My Economic Takeaway

I see better than 60–70% odds that the robust recovery scenarios many see for the latter half of 2021 will prove too optimistic. I desperately hope to be wrong, but restarting 150,000+ small businesses is no trivial matter. Further, all this talk of “pent-up demand,” is unrealistic. People aren’t going to take two vacations when the virus is defeated. Caution will be the rule of the day.

We already see that significant (majority) portions of those receiving the government stimulus checks plan to save them. If an Irish-scale problem (note, I am of Irish descent so I’m not blaming them) reaches the US, a nontrivial chance, it will scar a generation every bit as much as the Great Depression did in the 1930s. We will see higher saving rates and less consumption for years. Given all the other adjustments that COVID-19 has forced upon us, this “recovery” will likely be slower than others, especially given the increasing debt. (See my personal section for what I think is long-term fantastic/extraordinarily optimistic news on the general virus and infection front.)

That being said, the Biden spending plan should help mitigate the immediate downside. It is not clear how that will all turn out. That’s why I keep emphasizing that COVID-19 has us in the Gripping Hand. Making plans if you are a business, especially a small one, is difficult in this environment.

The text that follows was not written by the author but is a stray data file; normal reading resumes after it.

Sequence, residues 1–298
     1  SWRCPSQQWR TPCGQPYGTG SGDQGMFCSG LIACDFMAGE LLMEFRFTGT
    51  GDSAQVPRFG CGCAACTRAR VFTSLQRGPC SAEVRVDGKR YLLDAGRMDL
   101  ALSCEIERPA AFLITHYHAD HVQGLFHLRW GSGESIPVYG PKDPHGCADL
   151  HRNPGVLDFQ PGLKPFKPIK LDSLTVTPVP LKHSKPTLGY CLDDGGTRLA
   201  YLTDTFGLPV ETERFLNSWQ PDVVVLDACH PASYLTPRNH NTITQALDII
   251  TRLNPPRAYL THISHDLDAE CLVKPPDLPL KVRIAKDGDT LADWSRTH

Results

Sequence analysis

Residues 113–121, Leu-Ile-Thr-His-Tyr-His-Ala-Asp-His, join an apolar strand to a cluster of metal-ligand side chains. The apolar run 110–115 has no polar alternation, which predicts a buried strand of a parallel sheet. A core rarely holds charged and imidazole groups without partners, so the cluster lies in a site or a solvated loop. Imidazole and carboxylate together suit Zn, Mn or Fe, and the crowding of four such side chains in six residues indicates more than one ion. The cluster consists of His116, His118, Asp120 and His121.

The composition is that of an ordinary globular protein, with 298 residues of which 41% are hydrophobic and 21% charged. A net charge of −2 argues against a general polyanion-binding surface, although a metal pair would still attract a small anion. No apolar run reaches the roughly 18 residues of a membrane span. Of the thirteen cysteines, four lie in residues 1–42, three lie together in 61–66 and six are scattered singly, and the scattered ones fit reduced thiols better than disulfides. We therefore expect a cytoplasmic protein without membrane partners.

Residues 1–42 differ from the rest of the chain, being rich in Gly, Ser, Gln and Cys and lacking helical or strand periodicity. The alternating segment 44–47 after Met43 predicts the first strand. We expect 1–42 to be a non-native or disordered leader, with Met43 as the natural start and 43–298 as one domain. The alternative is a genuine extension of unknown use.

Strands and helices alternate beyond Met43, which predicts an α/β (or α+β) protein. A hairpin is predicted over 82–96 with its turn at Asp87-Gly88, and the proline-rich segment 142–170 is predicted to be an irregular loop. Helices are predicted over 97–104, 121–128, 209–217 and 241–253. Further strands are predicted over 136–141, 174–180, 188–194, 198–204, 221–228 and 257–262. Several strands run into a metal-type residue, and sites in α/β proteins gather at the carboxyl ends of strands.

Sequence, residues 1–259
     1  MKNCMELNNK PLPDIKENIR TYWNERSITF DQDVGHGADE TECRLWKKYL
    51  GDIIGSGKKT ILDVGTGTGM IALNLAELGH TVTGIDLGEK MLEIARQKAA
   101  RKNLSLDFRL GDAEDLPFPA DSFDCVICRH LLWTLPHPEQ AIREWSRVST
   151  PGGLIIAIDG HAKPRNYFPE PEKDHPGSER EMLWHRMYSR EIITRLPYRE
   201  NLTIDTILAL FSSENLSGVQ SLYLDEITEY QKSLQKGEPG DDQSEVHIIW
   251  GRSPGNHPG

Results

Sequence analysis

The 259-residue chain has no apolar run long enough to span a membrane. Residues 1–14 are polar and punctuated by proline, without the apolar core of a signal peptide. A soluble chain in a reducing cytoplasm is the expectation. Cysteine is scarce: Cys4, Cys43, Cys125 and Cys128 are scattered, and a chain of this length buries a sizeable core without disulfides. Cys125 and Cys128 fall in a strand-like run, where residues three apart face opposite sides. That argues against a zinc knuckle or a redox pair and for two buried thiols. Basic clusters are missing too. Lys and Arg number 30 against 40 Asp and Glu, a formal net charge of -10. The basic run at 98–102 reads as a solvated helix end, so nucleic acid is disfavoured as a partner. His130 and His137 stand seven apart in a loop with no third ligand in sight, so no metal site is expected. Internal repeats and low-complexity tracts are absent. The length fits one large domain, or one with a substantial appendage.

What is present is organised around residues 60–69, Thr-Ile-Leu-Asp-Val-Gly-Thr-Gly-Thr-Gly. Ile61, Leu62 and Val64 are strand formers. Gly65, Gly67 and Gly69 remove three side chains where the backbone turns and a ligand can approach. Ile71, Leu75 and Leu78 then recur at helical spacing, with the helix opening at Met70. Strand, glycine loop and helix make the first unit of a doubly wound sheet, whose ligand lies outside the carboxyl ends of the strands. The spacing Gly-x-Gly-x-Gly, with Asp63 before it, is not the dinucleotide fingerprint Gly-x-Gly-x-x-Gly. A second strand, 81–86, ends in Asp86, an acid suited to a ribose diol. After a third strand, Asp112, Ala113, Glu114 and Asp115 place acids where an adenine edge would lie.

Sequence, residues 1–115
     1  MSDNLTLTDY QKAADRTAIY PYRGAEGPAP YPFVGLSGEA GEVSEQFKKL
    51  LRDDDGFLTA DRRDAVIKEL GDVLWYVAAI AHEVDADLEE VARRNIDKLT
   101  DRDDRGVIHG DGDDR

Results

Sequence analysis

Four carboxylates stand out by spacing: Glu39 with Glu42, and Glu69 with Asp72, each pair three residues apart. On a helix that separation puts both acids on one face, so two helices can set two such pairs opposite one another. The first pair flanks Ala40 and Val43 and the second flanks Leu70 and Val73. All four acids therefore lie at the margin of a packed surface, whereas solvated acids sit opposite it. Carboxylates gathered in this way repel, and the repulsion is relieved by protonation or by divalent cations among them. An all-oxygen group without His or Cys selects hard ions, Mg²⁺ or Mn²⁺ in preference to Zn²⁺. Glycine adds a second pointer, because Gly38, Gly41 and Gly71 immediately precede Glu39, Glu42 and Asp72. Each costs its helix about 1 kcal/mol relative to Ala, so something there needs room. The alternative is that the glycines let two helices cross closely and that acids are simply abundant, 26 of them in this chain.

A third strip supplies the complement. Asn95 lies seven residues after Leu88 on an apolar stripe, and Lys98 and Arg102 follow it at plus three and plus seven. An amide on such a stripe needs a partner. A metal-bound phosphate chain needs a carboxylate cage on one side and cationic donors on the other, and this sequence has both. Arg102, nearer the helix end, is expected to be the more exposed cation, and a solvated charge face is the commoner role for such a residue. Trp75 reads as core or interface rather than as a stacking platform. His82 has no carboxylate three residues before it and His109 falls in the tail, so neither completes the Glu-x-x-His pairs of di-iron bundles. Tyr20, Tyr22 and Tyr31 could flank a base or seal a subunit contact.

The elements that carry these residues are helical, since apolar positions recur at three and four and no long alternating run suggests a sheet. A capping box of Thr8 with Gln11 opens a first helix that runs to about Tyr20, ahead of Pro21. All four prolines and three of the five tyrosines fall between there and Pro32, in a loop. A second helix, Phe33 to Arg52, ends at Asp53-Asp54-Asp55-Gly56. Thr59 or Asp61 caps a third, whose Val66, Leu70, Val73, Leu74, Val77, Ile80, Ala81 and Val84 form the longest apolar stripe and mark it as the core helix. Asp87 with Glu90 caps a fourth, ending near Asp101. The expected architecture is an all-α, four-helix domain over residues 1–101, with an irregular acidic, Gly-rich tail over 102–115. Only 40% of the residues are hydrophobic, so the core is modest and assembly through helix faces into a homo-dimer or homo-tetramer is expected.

An Invisible Bright Future and Vaccinations

A note to our current Alpha Society members: January 19–22 is Member Appreciation Week here at Mauldin Economics—so mark your calendar and let us show how much we appreciate you! We’ll have several “Ask Me Anything” (AMA) hours with the editors in our Alpha Council forum, and I’m looking forward to answering your questions as well. Look for more details via email.

This week I talked with Fred Maxik, the chief scientific officer of Healthe, to get a progress update on far-UVC lighting. Briefly, this ultraviolet light in the “C” spectrum kills viruses and bacteria (all of them) without hurting humans. The company has made significant progress in developing systems that will be affordable for bars, restaurants, and other small businesses, eliminating (or close to it) the potential for spreading viruses.

They are making progress on an LED version of UVC. By the middle of this decade, this technology could be cheap and ubiquitous. It will eventually be in our homes and offices, on the back of stadium seats and other public venues. This is not just a COVID killer; it stops all viruses and bacteria. Think E. coli or common colds. I would expect shortly after the initial LED solution we will have combination visible light/invisible UVC spectrum light bulbs, too.